Thursday, November 17, 2005
snob: ok, i'll take it.
(this has nothing to do with religion or churchiness.)
about a month ago, i read an article in the paper about two korean sisters who wrote a book about how american families can learn something from korean high achievers. after the piece ran, most of the letters sent in response protested the sisters were playing to asian stereotype. most of the other letters sent in faintly protested that it was creepy and weird to ask american kids to actually be disciplined. (i paraphrase.) only a scant few letters said, hey, good idea!
personally, i thought it was a good idea.
in fact, i think achievement is a good idea.
i think making sure one achieves *something* is a good idea.
i think not to achieve makes one tacky. (ooh, value judgment.)
this brings me to a commenter down in the Amen post, who ripped me a new one for my not-so-well-hidden class bias. thank goodness she did; it was the slap i needed to face my own class issues and class anger (not to mention anger at people at my childhood church who were vastly irresponsible in their leadership.) but i'll say it: i think going to college is better than not going to college; i think having a job is better than not having a job. i don't care if it's an ivy, a HBC or a community college - just go and get some education so at least you have options. (which is also better than having no options.)
do i sound like a snob? i guess i'll have to own that.
and because i'm black i will own it until the day i die. the black men and women who believed the duty of the black person was to 'lift as we climb' do not deserve descendents who don't take that kind of pride seriously. did harriet tubman sacrifice so my community could suddenly be the poster population for underachievement? did ida b. wells risk her life to save black folk so that my black and brown sisters could get pregnant when they were in high school?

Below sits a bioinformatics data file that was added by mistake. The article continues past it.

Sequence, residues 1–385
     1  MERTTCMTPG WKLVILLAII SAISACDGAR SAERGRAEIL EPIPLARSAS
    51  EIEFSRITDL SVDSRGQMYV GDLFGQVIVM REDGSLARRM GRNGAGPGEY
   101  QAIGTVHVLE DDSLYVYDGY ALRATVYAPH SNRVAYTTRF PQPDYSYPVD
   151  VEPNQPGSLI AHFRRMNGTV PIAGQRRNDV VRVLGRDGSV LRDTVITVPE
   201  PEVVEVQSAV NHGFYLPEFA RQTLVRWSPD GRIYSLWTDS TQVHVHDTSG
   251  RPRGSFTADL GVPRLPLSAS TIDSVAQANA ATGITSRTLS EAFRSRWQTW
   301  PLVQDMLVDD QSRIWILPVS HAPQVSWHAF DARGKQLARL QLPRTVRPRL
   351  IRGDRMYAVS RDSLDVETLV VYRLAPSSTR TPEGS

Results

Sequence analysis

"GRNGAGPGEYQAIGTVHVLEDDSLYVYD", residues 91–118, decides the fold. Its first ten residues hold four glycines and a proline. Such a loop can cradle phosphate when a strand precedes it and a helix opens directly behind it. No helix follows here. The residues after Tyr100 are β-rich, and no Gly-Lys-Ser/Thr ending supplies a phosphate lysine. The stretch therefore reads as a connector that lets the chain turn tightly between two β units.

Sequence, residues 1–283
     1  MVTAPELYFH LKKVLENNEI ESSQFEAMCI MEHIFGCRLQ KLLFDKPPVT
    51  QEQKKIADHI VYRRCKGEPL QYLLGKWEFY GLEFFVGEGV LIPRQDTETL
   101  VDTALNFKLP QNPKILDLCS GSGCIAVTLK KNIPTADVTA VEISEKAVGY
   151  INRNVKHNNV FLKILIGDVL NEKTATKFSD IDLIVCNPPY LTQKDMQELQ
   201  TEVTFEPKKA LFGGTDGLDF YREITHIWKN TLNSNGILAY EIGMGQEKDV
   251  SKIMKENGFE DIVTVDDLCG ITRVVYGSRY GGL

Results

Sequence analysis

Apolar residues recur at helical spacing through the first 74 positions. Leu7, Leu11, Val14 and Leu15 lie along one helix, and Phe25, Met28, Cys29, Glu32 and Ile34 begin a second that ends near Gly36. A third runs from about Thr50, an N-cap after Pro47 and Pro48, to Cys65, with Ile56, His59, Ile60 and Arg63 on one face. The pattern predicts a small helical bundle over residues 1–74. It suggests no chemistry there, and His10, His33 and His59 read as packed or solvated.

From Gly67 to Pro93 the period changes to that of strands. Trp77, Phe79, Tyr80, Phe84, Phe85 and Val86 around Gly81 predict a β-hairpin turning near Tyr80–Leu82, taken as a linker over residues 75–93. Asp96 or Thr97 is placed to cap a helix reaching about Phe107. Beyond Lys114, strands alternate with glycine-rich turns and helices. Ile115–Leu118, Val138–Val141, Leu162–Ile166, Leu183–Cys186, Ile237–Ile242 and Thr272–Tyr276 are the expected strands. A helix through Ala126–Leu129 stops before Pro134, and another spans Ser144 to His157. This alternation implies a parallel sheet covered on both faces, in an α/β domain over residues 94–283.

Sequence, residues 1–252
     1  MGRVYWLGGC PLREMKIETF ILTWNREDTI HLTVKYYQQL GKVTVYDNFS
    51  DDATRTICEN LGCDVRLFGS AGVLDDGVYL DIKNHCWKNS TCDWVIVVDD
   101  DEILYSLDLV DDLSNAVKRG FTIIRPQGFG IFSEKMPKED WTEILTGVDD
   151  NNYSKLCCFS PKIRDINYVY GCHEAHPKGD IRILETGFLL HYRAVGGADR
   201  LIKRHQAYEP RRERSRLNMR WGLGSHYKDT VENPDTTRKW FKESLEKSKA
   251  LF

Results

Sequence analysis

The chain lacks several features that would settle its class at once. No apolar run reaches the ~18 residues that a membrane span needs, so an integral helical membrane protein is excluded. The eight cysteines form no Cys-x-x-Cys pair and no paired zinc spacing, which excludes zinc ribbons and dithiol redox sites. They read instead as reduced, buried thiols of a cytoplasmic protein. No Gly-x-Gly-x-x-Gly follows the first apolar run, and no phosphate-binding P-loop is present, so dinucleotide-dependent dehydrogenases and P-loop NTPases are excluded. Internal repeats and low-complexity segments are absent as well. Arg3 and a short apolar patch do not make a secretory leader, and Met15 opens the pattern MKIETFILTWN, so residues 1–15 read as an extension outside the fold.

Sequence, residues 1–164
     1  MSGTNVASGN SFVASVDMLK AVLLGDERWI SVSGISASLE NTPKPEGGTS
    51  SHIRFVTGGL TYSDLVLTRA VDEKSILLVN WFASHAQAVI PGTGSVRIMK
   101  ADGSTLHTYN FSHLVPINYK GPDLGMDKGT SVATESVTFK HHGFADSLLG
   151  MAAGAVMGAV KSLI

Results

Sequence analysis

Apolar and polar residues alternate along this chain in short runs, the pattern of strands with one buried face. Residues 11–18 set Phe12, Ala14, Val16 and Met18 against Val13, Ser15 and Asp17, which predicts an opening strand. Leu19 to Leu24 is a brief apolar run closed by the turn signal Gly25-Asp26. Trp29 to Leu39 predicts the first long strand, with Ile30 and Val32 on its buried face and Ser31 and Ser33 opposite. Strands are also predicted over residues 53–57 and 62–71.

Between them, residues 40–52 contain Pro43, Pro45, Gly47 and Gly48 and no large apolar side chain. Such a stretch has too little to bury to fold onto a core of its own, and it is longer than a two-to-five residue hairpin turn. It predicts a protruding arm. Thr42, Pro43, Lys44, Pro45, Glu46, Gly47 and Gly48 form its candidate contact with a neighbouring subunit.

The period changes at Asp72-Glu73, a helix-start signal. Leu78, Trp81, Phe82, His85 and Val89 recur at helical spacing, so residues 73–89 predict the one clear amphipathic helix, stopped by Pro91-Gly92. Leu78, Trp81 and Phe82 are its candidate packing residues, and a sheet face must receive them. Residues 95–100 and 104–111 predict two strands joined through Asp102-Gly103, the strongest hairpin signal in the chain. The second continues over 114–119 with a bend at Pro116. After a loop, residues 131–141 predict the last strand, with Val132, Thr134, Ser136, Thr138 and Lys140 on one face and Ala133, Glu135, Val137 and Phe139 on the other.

i am not saying that i don't understand how the real world works; i am not saying that i think i'm better than those girls who didn't make the same decisions i made. i'm just saying i made better decisions. i know about racist institutions and social forces that create ghettos; i know about the bad educational systems that fail to educate; i know what happens when more than half the male population ends up in prison; i know about the burden created when commerce moves out of a community and kills it in the process, dooming people to perpetual poverty. i know that and i still say that we owe somebody our achievement.
the sisters who wrote the book make the point that in the traditional asian family a child owes her family success and achievement; this is her debt. unlike bill cosby, who rails on poor black folk for being poor, i think we black people have a debt to pay. we owe it to our past, our history, to fulfill the promise we had. we don't owe this debt to white people. we don't owe this debt to our government. we owe it to our past - our wonderful, glorious, heartbreaking history.
so to that commenter: you misunderstand. i didn't make the choices i made when i was a girl because i didn't want to be like the other girls; i didn't want to end up like them. i made those decisions because that future wasn't good enough to pay my debt.